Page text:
Misuse of agriculture credit

The lingering suspicion that a sizeable part of the institutional loans extended to the farm sector is being misused and misdirected has virtually been confirmed by a recent review of agricultural credit by an internal working group of the Reserve Bank of India (RBI). It has found that several states are getting more institutional agricultural finance than their annual farm sector gross domestic product (agri-GDP). In some states, the amount of such finance has been observed to be much higher than the estimated total farm input requirement by their farmers. In Andhra Pradesh, for instance, the crop loans given between 2015 and 2017 were seven and a half times the sum needed by the cultivators to meet their input needs. Yet, the informal sector (read moneylenders) remains a critical source of funding for farmers all over the country. Clearly, a significant part of the highly subsidised credit being extended to farmers is getting diverted to non-agricultural purposes. In fact, this is not the first definitive evidence of misutilisation of this money. Indications to this effect have been captured in some earlier studies as well. A 2015 study, based on the RBI data, had revealed that the bank branches located in urban and semi-urban areas also disbursed large sums as agricultural loans. Also, the disbursement of crop-linked credit continued even during agriculturally lean periods when farmers normally do not seek loans.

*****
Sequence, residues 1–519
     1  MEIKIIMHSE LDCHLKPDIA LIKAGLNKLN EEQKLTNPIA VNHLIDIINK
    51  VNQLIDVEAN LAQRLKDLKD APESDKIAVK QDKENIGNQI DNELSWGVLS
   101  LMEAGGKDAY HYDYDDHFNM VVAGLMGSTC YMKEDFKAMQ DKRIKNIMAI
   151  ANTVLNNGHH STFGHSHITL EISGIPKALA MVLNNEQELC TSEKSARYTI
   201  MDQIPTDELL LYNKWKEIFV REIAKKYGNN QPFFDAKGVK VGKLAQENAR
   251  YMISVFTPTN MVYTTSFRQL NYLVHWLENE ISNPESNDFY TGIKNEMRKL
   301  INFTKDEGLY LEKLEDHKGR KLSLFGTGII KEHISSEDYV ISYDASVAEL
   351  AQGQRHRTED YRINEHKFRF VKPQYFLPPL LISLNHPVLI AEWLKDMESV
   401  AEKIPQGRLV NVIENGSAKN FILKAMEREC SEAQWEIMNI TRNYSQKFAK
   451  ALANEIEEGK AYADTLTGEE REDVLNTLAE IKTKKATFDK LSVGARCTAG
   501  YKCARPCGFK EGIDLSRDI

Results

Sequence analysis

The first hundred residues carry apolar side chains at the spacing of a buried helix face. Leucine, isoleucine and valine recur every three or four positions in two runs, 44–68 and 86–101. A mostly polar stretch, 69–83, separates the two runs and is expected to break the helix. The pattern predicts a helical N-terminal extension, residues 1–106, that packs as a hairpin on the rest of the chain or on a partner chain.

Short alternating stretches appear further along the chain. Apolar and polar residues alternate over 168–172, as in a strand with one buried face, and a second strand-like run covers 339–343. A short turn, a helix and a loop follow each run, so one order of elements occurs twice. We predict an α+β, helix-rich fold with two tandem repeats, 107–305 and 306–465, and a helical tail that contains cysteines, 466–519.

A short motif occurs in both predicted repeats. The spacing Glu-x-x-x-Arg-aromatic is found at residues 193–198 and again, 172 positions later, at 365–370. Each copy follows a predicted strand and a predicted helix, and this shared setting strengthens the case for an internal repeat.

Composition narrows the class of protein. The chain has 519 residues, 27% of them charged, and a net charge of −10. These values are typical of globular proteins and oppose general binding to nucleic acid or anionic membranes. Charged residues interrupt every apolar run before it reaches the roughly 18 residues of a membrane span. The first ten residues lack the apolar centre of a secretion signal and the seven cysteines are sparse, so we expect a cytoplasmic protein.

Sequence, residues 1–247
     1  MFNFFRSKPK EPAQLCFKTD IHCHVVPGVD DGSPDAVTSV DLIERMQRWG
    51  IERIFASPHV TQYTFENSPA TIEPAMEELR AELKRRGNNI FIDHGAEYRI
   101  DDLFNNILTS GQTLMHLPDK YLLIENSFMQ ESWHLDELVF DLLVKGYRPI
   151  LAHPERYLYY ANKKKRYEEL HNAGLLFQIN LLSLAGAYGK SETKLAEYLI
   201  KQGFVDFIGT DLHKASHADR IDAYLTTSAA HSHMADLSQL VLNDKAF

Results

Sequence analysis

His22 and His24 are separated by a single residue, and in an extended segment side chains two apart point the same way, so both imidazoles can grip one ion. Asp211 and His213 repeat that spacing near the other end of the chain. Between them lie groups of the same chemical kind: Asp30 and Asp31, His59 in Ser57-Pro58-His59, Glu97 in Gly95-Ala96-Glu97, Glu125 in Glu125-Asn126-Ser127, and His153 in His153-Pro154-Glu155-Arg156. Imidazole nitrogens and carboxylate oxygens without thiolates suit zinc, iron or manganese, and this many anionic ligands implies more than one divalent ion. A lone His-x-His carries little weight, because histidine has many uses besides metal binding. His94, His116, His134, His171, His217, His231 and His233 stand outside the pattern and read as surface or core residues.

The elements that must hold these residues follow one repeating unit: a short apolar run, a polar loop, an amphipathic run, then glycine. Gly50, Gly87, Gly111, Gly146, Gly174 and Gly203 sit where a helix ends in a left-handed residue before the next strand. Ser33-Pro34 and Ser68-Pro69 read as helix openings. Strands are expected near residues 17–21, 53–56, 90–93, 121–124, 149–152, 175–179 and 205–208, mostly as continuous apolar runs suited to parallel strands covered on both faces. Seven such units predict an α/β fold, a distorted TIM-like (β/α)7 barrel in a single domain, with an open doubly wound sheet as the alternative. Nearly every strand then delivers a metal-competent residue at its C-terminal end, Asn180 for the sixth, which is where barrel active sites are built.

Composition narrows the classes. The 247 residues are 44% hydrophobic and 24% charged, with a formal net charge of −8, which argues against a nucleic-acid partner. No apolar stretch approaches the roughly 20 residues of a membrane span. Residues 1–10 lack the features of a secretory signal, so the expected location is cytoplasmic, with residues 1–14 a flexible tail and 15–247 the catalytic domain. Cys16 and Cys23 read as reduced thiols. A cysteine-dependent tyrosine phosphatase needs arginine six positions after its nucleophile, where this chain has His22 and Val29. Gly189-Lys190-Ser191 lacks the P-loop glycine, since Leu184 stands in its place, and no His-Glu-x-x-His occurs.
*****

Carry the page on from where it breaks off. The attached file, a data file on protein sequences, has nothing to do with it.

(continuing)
Several other glaring flaws also mar the agricultural credit sector. The most significant among these is its skewed distribution. The bulk of it is going to the big landholders, leaving small and marginal farmers at the mercy of moneylenders. The RBI report reckons that nearly 41 per cent of the small and marginal farmers, who constitute over 86 per cent of the total farm households and need credit the most, are not covered by the scheduled commercial banks. So are a large number of tenant farmers and sharecroppers who also badly need low-cost loans. What is worse, agriculture’s allied fields and the farmers’ long-term investment needs are by and large being neglected in credit allocation. The associated sectors such as animal husbandry, fisheries and forestry, which now account for about 40 per cent of the agri-GDP, are getting less than 7 per cent of the total institutional loans. Similarly, the share of the investment credit in the overall farm loans has shrunk sharply from almost 50 per cent in 2000 to barely 25 per cent in 2016. This apart, the present system of higher subvention of interest on timely repayment is being exploited by some resourceful farmers to invest subsidised finance in fixed deposits at higher interest rates. 

Some of these drawbacks can, no doubt, be overcome by replacing the interest subvention system with direct benefit transfer to the targeted beneficiaries as suggested by the RBI’s working group. This can benefit tenants, sharecroppers and landless labourers who are now being denied institutional credit. Routing all crop loans through Kisan Credit Cards can be another way to curb some malpractices. But, admittedly, such moves may not rid the credit system of all its ills. Consultations with stakeholders, including bankers and borrowers, seem vital to seek solutions to other critical issues.

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